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Would High Speed OCR Label Inspection Work For Your Products?

Food and beverage manufacturers face an array of challenges when it comes to packaging, labeling, and quality assurance. Add high speed lines, and overlooked issues can be quickly replicated across hundreds or thousands of products. From creating unnecessary scrap to making products untraceable or out-of-compliance, these errors have real costs that are hard to prevent with traditional QA methods.

Automated QA vision systems offer a reliable way to ensure every label and package is inspected, even at very high speeds. Able to inspect for multiple issues at once, these systems are much more reliable than manual methods. A popular and versatile inspection is OCR (optical character recognition). OCR inspections can read characters, codes, and even entire words on labeling and packages. These vision systems scan for alphanumeric characters and checks those against a trained database. Common applications include:

  • Ingredient/allergen verification
  • Correct product label verification
  • Misprint or unreadable (untraceable) print identification
  • Expiration date verification
  • Typo or incorrect printer configurations

But how do you know if your line and products would work with an OCR solution? Not all lines and products are good candidates for high speed OCR inspection. Below are 10 key factors to consider.

Factors for Implementing a Successful OCR Inspection System

Factor One: Line speed

While these inspections can be done for line speeds in excess of 1,000 products-per-minute, there are some limitations and extra equipment required once you get above 500 ppm. Using parallel processing, OCR systems can take as little as 30ms to process an image and make a determination, but there must be room on the line to place your rejector far enough away to allow proper processing time. This means you will also probably need to use part-tracking, as several products will end up between the point of inspection and the rejector. This is typically overcome with a setup that includes high-speed strobe lighting for more accurate imaging, an encoder for part tracking, and a programmable logic controller (PLC) to speed up inspection.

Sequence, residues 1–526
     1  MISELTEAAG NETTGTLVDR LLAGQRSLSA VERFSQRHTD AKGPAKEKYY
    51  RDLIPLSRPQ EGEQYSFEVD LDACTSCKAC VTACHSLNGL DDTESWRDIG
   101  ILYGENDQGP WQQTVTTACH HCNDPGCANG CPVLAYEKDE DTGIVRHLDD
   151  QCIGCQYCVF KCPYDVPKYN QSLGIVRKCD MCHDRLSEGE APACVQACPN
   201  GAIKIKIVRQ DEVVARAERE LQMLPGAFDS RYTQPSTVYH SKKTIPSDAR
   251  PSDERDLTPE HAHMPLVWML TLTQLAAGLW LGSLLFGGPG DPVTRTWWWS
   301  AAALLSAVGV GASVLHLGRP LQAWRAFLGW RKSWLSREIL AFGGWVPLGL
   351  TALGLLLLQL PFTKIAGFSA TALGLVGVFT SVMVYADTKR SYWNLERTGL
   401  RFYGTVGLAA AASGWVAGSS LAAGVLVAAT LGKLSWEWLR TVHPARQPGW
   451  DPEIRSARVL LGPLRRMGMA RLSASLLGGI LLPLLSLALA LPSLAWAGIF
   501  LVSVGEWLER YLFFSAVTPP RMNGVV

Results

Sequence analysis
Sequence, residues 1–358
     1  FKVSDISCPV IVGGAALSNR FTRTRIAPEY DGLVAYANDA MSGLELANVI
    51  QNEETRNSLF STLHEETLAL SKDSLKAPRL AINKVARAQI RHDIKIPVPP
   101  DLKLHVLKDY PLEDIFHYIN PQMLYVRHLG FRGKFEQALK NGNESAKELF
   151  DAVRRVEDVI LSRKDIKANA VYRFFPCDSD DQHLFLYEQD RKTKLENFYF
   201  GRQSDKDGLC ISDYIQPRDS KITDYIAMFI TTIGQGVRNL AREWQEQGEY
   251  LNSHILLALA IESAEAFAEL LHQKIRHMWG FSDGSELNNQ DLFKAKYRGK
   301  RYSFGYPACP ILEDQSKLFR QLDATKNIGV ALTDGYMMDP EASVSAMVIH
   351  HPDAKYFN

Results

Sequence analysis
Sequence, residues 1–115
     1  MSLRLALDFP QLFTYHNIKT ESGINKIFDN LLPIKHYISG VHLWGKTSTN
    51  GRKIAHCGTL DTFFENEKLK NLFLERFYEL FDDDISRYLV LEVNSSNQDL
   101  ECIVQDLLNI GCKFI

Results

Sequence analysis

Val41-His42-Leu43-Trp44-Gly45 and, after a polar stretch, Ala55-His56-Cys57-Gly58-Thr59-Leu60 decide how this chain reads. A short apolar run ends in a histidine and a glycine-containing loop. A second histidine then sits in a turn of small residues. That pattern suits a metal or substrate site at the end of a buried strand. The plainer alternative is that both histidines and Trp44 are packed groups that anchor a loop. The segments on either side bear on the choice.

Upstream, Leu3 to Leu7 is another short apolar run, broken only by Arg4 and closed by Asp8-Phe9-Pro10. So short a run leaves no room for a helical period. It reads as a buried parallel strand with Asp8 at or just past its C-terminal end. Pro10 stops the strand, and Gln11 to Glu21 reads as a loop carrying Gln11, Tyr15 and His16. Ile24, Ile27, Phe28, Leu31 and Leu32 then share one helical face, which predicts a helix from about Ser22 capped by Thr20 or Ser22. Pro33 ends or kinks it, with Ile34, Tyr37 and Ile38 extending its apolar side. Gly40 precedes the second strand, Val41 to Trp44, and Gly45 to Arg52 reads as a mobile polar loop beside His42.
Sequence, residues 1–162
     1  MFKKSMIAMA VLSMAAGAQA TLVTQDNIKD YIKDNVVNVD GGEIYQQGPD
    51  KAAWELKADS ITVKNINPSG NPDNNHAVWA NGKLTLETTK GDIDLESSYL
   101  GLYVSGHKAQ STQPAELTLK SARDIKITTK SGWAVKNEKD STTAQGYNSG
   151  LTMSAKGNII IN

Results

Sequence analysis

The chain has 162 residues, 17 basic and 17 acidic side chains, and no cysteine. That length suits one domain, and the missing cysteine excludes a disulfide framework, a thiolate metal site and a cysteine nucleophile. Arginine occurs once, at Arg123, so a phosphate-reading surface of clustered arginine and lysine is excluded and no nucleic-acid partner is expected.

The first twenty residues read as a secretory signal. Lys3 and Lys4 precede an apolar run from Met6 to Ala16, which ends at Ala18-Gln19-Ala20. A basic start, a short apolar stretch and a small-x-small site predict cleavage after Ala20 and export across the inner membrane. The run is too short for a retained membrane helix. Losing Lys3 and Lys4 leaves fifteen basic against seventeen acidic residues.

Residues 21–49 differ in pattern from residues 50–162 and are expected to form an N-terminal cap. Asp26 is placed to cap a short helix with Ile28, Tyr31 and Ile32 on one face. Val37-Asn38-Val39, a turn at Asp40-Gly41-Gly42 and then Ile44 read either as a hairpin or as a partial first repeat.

Factor Two: Print Quality

Print quality will greatly affect the ability of OCR systems to successfully inspect products. The higher the variability in print and print quality, the harder it will be to achieve high accuracy thresholds with OCR inspection systems.

The most common side effect of poor print quality is increased false-failure rates, which is to say, good products get rejected off the line because of poor print quality. To combat this problem, you may have to lower the systems accuracy expectation – i.e. how close to perfect does the label need to be to pass? Lowering the threshold to 70-85% correct equaling a pass (good) label will keep false-failure rates under control. However, for highly regulated industries that must ensure labels are correctly printed to a threshold of 90% or greater, this means investment in a high end printer is a must for automated inspections.

Factor Three: Camera Selection

Not all cameras are made equally, and more complex inspections/higher speeds may acquire additional software to make the inspection successful.

Most OCR inspections are done with a smart camera, which typically have their own on-board processing, but these processors have both limitation and throughput limitations. For line rates under 600 ppm or reads under 20 characters, this may be all that you need to successfully inspect products. But higher speeds or more complex inspections will require PC-based solutions for parallel processing.

Factor Four: Software Selection